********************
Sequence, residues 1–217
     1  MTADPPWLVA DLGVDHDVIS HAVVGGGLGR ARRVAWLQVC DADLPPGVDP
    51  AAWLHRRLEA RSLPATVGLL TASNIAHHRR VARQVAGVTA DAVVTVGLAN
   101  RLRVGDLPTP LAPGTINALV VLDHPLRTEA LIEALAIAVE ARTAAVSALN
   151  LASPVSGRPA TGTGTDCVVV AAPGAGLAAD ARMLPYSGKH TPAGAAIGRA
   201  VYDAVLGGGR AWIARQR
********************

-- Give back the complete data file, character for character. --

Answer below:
Sequence, residues 1–217
     1  MTADPPWLVA DLGVDHDVIS HAVVGGGLGR ARRVAWLQVC DADLPPGVDP
    51  AAWLHRRLEA RSLPATVGLL TASNIAHHRR VARQVAGVTA DAVVTVGLAN
   101  RLRVGDLPTP LAPGTINALV VLDHPLRTEA LIEALAIAVE ARTAAVSALN
   151  LASPVSGRPA TGTGTDCVVV AAPGAGLAAD ARMLPYSGKH TPAGAAIGRA
   201  VYDAVLGGGR AWIARQR